Alison Little – Daily Express August 4, 2009
THOUSANDS of the worst families in England are to be put in “sin bins” in a bid to change their bad behaviour, Ed Balls announced yesterday.
The Children’s Secretary set out £400million plans to put 20,000 problem families under 24-hour CCTV super-vision in their own homes.
They will be monitored to ensure that children attend school, go to bed on time and eat proper meals.
Private security guards will also be sent round to carry out home checks, while parents will be given help to combat drug and alcohol addiction.
Around 2,000 families have gone through these Family Intervention Projects so far.
But ministers want to target 20,000 more in the next two years, with each costing between £5,000 and £20,000 – a potential total bill of £400million.
Ministers hope the move will reduce the number of youngsters who get drawn into crime because of their chaotic family lives, as portrayed in Channel 4 comedy drama Shameless.
Sin bin projects operate in half of council areas already but Mr Balls wants every local authority to fund them.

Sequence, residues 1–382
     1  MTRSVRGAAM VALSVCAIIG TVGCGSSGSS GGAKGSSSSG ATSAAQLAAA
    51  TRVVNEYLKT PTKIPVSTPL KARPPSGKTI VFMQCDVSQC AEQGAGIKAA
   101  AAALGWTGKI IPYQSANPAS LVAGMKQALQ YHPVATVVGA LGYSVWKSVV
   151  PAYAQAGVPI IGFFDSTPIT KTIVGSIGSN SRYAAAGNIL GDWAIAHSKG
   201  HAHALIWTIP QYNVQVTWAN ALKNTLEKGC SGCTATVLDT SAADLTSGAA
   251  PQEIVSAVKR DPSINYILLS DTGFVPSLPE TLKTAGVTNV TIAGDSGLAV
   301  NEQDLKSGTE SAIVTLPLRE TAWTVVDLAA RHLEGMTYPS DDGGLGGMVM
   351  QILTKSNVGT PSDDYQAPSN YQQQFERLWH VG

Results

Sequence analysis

He said: “This is pretty tough and non-negotiable support for families to get to the root of the problem. There should be Family Intervention Projects in every local authority area because every area has families that need support.”
But Shadow Home Secretary Chris Grayling said: “This is all much too little, much too late.
“This Government has been in power for more than a decade during which time anti-social behaviour, family breakdown and problems like alcohol abuse and truancy have just got worse and worse.”
Mr Balls also said responsible parents who make sure their children behave in school will get new rights to complain about those who allow their children to disrupt lessons.
Pupils and their families will have to sign behaviour contracts known as Home School Agreements before the start of every year, which will set out parents’ duties to ensure children behave and do their homework.
The updated Youth Crime Action Plan also called for a crackdown on violent girl gangs as well as drug and alcohol abuse among young women.
But a decision to give ministers new powers to intervene with failing local authority Youth Offending Teams was criticised by council leaders.
Les Lawrence, of the Local Government Association, said they did “crucial” work and such intervention was “completely unnecessary”.
Last updated 06/08/2009